What is the Panasonic EZ1002?
The EZ1000 is intended to be a semi-professional product that will not only be available to consumers but also be used in post-production facilities and at events such as the Cannes Film Festival. To ensure the EZ1000 delivers an uncompromising level of image accuracy, the TVs have been tuned by Hollywood colourists working for Deluxe. Naturally such an approach doesn’t come cheap and the 65EZ1002 will set you back a hefty £6,999. That puts Panasonic’s new flagship OLED TV at the higher end of the price range, although there will also be the more affordable EZ952 model available in 55 and 65 inch screen sizes. So does the EZ1000 live up to it’s promise of delivering the ultimate picture performance – let's find out.
Connections & Control
The second remote is a touch pad controller that has been designed for day-to-day use and easy navigation of the Smart TV platform. The touch pad uses the same silver brushed metal finish as the larger remote and has a black section with a textured surface, it is small and curved, sits comfortably in your hand and is very simple to use. It pairs to the TV using Bluetooth and includes a microphone for voice control. Finally if you’d rather use your smart device as a controller, there are also free remote apps for both iOS and Android with Swipe & Share and Smart Calibration features.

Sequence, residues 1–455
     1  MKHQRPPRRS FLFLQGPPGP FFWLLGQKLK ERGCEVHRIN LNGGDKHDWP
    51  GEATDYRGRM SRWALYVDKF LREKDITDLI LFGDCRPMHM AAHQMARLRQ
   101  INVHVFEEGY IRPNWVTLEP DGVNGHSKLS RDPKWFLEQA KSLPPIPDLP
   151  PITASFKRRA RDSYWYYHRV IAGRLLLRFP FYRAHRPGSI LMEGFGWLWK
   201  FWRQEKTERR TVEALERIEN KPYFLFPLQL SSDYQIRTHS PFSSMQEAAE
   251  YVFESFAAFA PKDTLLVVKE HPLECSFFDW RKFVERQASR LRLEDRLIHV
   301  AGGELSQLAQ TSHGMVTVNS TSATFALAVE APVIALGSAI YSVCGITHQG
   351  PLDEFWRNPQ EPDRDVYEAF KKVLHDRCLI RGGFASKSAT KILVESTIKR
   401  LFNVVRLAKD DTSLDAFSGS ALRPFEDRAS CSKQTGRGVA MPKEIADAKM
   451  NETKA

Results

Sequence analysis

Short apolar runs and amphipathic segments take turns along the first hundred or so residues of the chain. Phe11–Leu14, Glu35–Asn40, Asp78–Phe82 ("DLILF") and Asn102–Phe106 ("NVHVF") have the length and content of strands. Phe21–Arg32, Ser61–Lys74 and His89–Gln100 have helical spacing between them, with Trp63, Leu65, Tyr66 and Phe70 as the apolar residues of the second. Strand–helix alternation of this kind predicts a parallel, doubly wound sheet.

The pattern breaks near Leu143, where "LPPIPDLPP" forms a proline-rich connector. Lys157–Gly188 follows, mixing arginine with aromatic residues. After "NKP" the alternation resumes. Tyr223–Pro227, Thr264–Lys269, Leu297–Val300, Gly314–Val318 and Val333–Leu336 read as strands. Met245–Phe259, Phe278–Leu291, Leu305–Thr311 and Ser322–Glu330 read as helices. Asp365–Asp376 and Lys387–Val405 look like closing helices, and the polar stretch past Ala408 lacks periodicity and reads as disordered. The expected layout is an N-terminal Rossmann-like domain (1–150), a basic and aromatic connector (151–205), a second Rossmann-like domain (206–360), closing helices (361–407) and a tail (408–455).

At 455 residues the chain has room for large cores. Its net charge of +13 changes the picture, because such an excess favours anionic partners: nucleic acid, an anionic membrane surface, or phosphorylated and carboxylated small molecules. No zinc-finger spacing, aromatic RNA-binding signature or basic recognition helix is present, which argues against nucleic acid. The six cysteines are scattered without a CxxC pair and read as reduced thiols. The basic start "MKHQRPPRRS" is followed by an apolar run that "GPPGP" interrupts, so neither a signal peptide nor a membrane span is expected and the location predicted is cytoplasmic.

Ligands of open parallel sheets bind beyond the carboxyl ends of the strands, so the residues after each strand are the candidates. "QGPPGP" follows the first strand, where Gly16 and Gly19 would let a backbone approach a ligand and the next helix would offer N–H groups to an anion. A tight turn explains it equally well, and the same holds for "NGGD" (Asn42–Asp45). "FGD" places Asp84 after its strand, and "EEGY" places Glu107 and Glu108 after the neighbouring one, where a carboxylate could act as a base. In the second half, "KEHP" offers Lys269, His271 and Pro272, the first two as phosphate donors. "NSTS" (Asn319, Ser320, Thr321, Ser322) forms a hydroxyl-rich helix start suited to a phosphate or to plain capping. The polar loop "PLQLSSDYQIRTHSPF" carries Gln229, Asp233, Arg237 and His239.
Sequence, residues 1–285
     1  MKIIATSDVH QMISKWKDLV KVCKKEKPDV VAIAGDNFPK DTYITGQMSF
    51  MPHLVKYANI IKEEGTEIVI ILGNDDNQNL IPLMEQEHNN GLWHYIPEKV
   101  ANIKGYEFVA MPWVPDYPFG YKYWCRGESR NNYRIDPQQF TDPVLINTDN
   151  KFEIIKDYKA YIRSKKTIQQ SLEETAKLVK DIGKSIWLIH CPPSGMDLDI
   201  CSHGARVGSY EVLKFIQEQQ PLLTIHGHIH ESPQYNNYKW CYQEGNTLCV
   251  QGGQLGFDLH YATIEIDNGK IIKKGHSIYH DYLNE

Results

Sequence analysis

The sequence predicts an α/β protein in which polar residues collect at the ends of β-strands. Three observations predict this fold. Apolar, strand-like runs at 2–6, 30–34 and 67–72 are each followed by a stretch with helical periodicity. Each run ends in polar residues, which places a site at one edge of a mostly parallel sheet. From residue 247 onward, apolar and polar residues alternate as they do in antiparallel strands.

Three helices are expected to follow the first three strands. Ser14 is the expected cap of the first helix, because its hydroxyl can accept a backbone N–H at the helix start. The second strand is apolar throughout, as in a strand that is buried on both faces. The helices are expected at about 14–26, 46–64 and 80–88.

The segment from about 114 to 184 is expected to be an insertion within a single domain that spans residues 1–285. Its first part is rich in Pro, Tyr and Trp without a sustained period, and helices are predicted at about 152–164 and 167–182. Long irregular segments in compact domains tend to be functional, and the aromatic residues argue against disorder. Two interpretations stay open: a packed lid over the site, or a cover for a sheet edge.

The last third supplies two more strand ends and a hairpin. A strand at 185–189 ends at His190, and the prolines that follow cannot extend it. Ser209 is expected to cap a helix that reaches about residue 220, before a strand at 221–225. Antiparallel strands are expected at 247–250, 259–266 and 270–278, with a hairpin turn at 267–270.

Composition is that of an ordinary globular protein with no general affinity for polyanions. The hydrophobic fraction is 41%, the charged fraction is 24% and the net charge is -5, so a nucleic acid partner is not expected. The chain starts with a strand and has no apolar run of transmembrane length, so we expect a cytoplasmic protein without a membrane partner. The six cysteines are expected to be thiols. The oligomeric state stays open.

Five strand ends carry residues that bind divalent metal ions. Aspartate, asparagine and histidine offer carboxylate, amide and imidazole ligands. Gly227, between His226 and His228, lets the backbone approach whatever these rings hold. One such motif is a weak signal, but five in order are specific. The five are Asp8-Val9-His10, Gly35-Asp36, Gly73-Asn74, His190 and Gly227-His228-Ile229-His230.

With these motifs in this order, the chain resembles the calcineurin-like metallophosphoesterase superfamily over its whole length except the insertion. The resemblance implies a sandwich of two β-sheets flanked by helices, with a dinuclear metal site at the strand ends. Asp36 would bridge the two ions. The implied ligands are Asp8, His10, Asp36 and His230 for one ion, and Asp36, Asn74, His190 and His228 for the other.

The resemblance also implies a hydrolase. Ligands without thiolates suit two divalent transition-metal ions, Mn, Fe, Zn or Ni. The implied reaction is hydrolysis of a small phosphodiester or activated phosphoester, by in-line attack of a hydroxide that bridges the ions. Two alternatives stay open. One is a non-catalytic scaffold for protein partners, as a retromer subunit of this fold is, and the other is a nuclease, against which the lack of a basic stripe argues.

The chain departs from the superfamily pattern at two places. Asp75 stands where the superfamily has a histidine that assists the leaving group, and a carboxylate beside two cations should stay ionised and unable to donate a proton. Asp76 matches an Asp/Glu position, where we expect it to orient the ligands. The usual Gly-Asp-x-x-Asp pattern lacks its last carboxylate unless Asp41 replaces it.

Features & Specs
MORE: What is Dolby Vision?
The EZ1002 includes Panasonic's Studio Colour HCX2 processor that includes ‘Delta Zero’ accuracy and thanks to 3D look-up tables (LUTs) similar to those used by Panasonic’s professional filmmaking and broadcast monitor divisions, the manufacturer claims the EZ1000 deliver some of the most accurate colours found on a consumer television. The HCX2 processor is also designed to improve the near-black performance, providing improved amounts of detail in even the darkest scenes.
The EZ1002 also carries a number of semi-professional features, including the option for professional users to upload their own colour 3D LUTs by SD/USB memory, if required. The OLED TV also includes ISF calibration settings and compatibility with CalMAN calibration software. The EZ1000 includes THX certification and is certified as Ultra HD Premium by the UHD Alliance. However, as with almost all TVs these days, the EZ1002 does not support 3D.
The EZ1002 features a newly developed My Home Screen 2.0 smart TV system and although Firefox has stopped development, since it is open source Panasonic will continue to support their own smart platform. The newly updated OS introduces features such as favourites folders for multiple users, a My App button on the remote that can be customised for faster access to your own favourite content, and a revamped Media Player app that supports 4K HDR10 and Hybrid Log Gamma content.
For UK users there is a new version of Freeview Play, which introduces new search/recommendation tools and a Quick Look Guide that shows past, live and future TV programs for the current channel. Also included are live thumbnails of what’s showing on other channels. The EZ1002 will also support 4K HDR streaming from Netflix, Amazon and YouTube.
Panasonic TX-65EZ1002B Recommended TV Settings
Picture Settings – Out-of-the-Box
All our measurements were done with a Klein K-10A colour meter, a Murideo Fresco Six-G pattern generator and CalMAN Ultimate calibration software. If you want to set your new TV up correctly then you can either follow the simple steps in our PicturePerfect Guide or take a look at the video above.